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Old 07-10-2007, 05:51 PM   #1
Nate the Grate
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Default Whoa, seriously the best article about SP I've ever read (Boston Globe)

From the Boston Globe:
http://www.boston.com/ae/music/artic...t_immortality/

Another stab at immortality
Reformed Smashing Pumpkins bring back their epic sound

By Saul Austerlitz, Globe Correspondent | July 10, 2007

Once upon a time, in the mid-1990s, the hierarchy of alternative rock went as follows: Nirvana first and foremost, Pearl Jam second, and then, in bronze-medal position, Smashing Pumpkins. With Kurt Cobain's tragic suicide , and Pearl Jam attempting to divest itself of its fan base as rapidly as possible by avoiding the MTV star-making machine, it fell to lead singer Billy Corgan and his band to carry the mantle of rock saviors for a moment, bringing the post-punk, post-"Smells Like Teen Spirit" noise to an nation of grunge lovers.

With back-to-back blockbuster albums, 1993's "Siamese Dream" and 1995's double-disc "Mellon Collie and the Infinite Sadness," the Pumpkins, bred in the Chicago alternative scene but never entirely part of its hipper-than-thou aesthetic, ascended to the rank of idols. Rolling Stone covers and Video Music Awards lay strewn in their path, and a place in the pantheon of alternative-rock elders, the successors to U2 and R.E.M., seemed a foregone conclusion.

But the 1996 death of touring keyboardist Jonathan Melvoin, and the lackluster sales of post-"Mellon Collie" albums, intensified already-simmering tensions between Corgan and his bandmates, causing the band to break up in 2000. Corgan briefly formed a new group, power-poppers Zwan , and released an electronica-influenced solo record before reuniting with Pumpkins drummer Jimmy Chamberlin and bringing back the Smashing Pumpkins name for a new album, "Zeitgeist," out today. The question is: Does anyone still care?

The Smashing Pumpkins went from rock titans to has-beens, the forgotten stars of alternative rock's heyday. The generations of bands that followed them were more influenced by the Pumpkins' colleagues, bands like Nirvana, Alice in Chains, and Weezer, than the Pumpkins themselves, and as a result, the Pumpkins ' sound has been, to a degree, edited out of 1990s alternative-rock history. Where peers like Pearl Jam and Stone Temple Pilots have maintained a steady presence on radio stations, and the glow that often sticks to former giants, Smashing Pumpkins have suffered a dizzying downturn in their reputation since the glory days of "Mellon Collie." The band that once could release "The Aeroplane Flies High," a five-CD boxed set of B-sides and outtakes, to breathless anticipation must now hope that fans still remember hits like "1979" and "Tonight, Tonight" with some fondness.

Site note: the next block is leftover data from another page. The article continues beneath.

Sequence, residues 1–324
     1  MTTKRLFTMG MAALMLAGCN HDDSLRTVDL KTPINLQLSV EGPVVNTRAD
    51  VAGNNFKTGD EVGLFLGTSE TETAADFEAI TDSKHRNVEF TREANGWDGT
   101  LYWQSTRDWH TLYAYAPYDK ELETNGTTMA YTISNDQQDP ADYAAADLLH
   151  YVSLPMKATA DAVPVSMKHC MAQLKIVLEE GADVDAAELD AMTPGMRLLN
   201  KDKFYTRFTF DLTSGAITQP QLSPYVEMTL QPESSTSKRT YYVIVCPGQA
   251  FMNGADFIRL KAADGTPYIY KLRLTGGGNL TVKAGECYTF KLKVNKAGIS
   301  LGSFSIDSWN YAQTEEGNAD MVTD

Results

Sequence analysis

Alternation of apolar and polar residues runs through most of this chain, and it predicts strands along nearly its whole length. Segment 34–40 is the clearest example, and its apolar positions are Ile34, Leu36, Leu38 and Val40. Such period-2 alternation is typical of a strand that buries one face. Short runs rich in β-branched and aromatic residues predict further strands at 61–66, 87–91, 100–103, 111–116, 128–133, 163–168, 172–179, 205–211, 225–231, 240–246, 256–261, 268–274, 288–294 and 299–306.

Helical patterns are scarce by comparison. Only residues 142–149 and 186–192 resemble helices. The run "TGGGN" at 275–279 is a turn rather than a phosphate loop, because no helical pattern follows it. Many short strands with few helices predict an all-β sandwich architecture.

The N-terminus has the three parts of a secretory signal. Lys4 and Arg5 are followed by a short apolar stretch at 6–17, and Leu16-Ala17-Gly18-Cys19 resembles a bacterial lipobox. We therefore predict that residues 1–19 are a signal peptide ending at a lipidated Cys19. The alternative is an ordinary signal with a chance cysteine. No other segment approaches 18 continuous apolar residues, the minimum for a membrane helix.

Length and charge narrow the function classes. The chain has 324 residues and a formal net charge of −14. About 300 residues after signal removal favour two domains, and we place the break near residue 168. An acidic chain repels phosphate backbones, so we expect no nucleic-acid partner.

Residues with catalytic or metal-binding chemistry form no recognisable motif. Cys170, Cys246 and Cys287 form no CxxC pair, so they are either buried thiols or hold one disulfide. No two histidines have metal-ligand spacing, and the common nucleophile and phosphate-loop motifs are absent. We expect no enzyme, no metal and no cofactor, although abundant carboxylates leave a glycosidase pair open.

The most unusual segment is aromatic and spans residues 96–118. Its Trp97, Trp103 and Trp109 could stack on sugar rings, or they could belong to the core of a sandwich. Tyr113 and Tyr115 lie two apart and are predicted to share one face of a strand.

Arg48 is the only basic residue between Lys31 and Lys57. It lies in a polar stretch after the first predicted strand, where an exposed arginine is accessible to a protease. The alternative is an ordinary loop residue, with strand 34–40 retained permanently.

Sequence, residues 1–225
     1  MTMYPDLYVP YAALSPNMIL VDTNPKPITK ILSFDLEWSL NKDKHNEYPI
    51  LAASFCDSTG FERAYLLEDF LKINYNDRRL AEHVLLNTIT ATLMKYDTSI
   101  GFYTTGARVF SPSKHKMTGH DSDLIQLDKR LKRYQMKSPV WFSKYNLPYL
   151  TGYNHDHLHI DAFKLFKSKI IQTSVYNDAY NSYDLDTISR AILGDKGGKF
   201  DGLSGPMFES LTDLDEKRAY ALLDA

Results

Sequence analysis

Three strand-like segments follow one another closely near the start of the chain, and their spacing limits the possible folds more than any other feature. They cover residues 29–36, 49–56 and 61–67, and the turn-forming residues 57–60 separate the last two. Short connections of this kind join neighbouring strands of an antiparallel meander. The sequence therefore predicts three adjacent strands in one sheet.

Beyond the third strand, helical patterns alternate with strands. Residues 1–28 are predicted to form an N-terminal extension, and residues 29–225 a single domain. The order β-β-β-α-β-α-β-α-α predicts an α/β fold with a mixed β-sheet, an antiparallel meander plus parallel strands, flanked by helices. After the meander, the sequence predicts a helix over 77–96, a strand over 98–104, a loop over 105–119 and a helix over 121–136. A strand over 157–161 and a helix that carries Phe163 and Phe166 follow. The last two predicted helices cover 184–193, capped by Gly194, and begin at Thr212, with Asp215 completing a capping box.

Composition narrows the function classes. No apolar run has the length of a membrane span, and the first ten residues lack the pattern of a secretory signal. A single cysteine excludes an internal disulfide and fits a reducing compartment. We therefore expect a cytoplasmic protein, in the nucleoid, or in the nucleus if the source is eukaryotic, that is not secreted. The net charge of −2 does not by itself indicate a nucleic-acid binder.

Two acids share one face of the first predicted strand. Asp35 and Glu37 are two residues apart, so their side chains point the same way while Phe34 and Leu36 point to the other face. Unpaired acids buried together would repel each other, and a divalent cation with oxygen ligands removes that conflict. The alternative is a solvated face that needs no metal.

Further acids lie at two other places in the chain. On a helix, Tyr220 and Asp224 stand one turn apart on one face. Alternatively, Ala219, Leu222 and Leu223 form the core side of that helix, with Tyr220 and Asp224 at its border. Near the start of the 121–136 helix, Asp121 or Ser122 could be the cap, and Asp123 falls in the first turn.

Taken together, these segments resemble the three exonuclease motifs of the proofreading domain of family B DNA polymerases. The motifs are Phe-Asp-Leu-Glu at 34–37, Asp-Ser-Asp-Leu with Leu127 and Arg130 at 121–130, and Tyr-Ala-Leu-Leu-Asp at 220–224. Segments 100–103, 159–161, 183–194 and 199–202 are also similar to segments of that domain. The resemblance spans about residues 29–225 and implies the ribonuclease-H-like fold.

So what happened to the Pumpkins?

In essence, the gulf that always separated the band from its alt-rock cohorts has only widened with the passage of time. While Smashing Pumpkins were part and parcel of the grunge era, they were never entirely rooted in the sound that Nirvana broke. Corgan was a studio-rat control freak, whom rumors naggingly insisted re-recorded the parts played by all three of his bandmates. Corgan's musical taste buds were formed by arena rock just as much as its more avant-garde successors, and there were times when his work bore more of a resemblance to that of paragons of 1970s bloat like Electric Light Orchestra or Boston than to 1980s icons of leanness, like the Minutemen or Hüsker Dü.

Smashing Pumpkins unabashedly embraced the grandiose -- epic guitar solos, sweeping string sections, and lengthy albums. Combined with Corgan's taste for wounded-romantic lyrics, the Pumpkins were the ideal soundtrack for melancholy youth lugging around their own infinite sadnesses. But today, the band's Gothic romanticism is a poor fit for the indie/alternative scene it helped form, too earnest for hipsters and too wimpy for classic rock, which has embraced the likes of Nirvana and Pearl Jam. At a moment when hip new bands pay homage to the stripped-down post-punk era instead of overblown 1970s metal, Smashing Pumpkins' taste for pre-punk pomposity is a cultural faux pas. Where Nirvana and its grunge compadres are seen as essential to the movement from punk to post-punk to today's indie boom, Smashing Pumpkins, given their roots in arena rock, have grown peripheral to musical discourse. Their return comes too late to capitalize on many of their original fans, and too early to hop on the sure-to-soon-arrive grunge-revival bandwagon.